Explosives Technician Degrees and Training Requirements

Learn about undergraduate and graduate degrees for aspiring explosives technicians. Take a look at admission requirements and the curriculum at each degree level, and get detailed employment outlook and salary data for explosives-related career paths.

Essential Information

No degree programs currently offer training specifically in explosives technology. However, explosives are often covered in bachelor's and master's programs in mining engineering.

Applicants to bachelor's programs in mining engineering typically have strong math and science backgrounds. Mining techniques and geology are typically the focus of undergraduate mining engineering programs. Explosives technology courses are usually offered as electives.

Master's programs in mining engineering are designed for students with bachelor's degrees in a relevant engineering discipline. They emphasize more advanced study of mining design methods and culminate in a thesis paper.

Bachelor of Science in Mining Engineering

Bachelor of Science (B.S.) programs combine coursework in engineering, geology, and mathematics to help students understand how to design mines. Students could learn to locate and extract natural resources in accordance with environmental regulations. Some programs offer coursework in explosives technology. They are designed to teach students to use explosives so as to expose minerals. Students often complete simulations and hands-on projects as part of their coursework.

Educational Prerequisites

Completing high school Advanced Placement (AP) coursework in subjects like algebra, calculus, chemistry, biology, and physics can help applicants ensure they have the math and science skills needed in mining engineering. Most undergraduate mining engineering programs also require applicants to submit their scores on a college entrance exam like the ACT or SAT Reasoning Test.

Program Coursework

The classes offered in mining technology B.S. programs cover topics in engineering design, environmental protection, and geology. Students also take classes in statistics, and interested students can often learn about explosives technology through electives. The subjects listed below are often covered:

  • Sustainable development in mining
  • Surface mining
  • Underground mining techniques
  • Explosives in mining
  • Mineralogy

Master of Science in Mining Engineering

Master of Science (M.S.) programs in mining technology provide in-depth information about designing above- and underground methods of gathering natural resources following safety and environmental regulations. Students also learn about the chemical and physical properties of minerals and resources to be extracted. Programs offer coursework that lets students use current mining engineering technology. Students usually need to complete a thesis project prior to graduation.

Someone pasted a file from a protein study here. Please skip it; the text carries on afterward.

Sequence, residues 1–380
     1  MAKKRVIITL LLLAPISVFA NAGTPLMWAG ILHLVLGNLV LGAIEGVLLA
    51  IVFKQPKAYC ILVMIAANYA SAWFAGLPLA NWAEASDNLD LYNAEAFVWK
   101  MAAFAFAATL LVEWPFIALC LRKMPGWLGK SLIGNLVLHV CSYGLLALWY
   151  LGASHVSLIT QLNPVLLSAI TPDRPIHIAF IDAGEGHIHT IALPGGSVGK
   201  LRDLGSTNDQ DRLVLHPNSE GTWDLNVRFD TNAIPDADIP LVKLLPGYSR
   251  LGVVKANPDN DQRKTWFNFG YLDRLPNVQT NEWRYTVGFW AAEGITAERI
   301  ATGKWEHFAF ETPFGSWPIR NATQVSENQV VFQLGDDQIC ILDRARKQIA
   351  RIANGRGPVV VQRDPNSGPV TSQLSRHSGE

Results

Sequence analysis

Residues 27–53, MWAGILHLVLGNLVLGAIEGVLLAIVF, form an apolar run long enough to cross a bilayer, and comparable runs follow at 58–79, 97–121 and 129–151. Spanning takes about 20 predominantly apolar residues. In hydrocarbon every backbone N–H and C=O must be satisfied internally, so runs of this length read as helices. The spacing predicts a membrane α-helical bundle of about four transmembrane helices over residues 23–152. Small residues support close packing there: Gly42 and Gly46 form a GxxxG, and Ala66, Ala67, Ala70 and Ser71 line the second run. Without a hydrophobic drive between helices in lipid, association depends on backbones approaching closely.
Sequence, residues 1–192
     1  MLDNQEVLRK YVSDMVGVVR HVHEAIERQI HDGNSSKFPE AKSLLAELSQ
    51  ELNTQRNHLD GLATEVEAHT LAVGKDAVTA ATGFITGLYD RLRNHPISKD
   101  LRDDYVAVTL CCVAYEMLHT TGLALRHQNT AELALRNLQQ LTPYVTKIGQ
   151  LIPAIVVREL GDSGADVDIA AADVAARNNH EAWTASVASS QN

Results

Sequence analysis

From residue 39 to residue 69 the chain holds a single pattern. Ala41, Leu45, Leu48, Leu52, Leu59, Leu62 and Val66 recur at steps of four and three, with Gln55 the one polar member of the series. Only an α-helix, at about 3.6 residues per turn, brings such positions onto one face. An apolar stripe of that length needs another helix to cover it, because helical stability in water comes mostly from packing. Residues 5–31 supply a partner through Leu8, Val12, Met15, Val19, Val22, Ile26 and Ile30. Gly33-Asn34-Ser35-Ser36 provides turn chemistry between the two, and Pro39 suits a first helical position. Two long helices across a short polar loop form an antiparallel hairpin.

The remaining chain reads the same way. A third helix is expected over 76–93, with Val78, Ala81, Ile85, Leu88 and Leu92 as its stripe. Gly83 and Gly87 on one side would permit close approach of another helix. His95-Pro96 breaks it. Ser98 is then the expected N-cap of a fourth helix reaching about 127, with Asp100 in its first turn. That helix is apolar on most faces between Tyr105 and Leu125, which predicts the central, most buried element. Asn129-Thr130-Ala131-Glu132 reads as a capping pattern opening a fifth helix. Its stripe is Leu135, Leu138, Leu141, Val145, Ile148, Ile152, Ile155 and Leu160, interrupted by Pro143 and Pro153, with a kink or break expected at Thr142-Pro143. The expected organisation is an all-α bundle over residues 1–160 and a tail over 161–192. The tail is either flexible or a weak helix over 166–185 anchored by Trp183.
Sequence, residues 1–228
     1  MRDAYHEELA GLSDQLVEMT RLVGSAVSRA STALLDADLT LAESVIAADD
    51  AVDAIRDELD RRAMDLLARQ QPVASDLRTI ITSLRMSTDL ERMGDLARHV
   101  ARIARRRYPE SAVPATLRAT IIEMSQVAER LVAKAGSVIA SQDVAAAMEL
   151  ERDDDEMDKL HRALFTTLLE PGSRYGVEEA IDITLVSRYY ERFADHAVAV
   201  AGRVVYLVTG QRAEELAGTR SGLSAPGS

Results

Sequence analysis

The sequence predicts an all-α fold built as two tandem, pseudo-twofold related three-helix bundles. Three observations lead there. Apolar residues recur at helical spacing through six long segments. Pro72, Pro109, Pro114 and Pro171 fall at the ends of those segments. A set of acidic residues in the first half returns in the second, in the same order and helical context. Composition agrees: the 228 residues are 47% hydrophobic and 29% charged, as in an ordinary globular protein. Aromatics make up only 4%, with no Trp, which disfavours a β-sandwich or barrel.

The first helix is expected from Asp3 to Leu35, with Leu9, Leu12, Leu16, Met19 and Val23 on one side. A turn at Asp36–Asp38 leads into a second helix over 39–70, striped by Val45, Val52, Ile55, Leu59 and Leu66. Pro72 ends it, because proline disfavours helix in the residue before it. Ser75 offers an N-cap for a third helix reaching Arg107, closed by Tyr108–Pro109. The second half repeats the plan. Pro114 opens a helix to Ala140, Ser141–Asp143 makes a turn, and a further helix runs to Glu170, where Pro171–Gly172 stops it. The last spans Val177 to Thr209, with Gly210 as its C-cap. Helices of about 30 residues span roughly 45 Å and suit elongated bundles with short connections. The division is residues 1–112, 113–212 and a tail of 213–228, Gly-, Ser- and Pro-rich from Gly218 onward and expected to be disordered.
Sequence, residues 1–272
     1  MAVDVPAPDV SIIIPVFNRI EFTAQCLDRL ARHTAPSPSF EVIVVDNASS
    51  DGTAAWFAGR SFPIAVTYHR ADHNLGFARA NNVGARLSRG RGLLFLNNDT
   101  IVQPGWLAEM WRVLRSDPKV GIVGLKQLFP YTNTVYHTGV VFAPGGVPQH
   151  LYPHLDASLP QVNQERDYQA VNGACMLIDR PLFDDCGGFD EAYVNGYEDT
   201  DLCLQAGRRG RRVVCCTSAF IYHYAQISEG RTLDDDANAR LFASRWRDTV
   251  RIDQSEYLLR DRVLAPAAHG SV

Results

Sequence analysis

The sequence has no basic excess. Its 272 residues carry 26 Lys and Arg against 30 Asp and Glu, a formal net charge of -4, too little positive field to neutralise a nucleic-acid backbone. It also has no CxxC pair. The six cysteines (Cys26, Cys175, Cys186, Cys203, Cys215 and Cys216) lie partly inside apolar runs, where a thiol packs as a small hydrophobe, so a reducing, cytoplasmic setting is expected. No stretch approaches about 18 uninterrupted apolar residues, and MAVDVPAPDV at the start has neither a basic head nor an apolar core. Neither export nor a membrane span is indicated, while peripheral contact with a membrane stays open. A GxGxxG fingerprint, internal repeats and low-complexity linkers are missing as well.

Educational Prerequisites

Applicants to mining technology M.S. programs need to have completed previous engineering coursework as undergraduates. Incoming students need skills in natural sciences and mathematics, especially geology and statistics. Most programs also ask applicants to submit a personal statement and letters of reference.

Program Coursework

The classes in mining technology master's degree programs emphasize mineral exploration and safe mining. Students also learn about the statistical analyses used to measure mining output. Some programs offer coursework relevant to explosives technology. Students usually take courses in the following topics:

  • Mine planning
  • Environmentally sustainable mining
  • Resource location
  • Mine reclamation
  • Mining explosives design

Employment Outlook and Salary Info

The U.S. Bureau of Labor Statistics (BLS, www.bls.gov) predicted job growth of 10% for mining and geological engineers between 2010 and 2020. The BLS projected an overall employment increase of 14% in all nonmetallic mineral mining and quarrying jobs over the same period. The BLS published the median annual salary for mining and geological engineers as $84,320 in May 2012.

Continuing Education Information

Mining engineers need to be licensed before they can work in the public or private sectors. Most states require mining engineers to graduate from an accredited program and work under supervision for several years before taking a written exam. Some states ask engineers to complete continuing education programs in order to retain their licenses.

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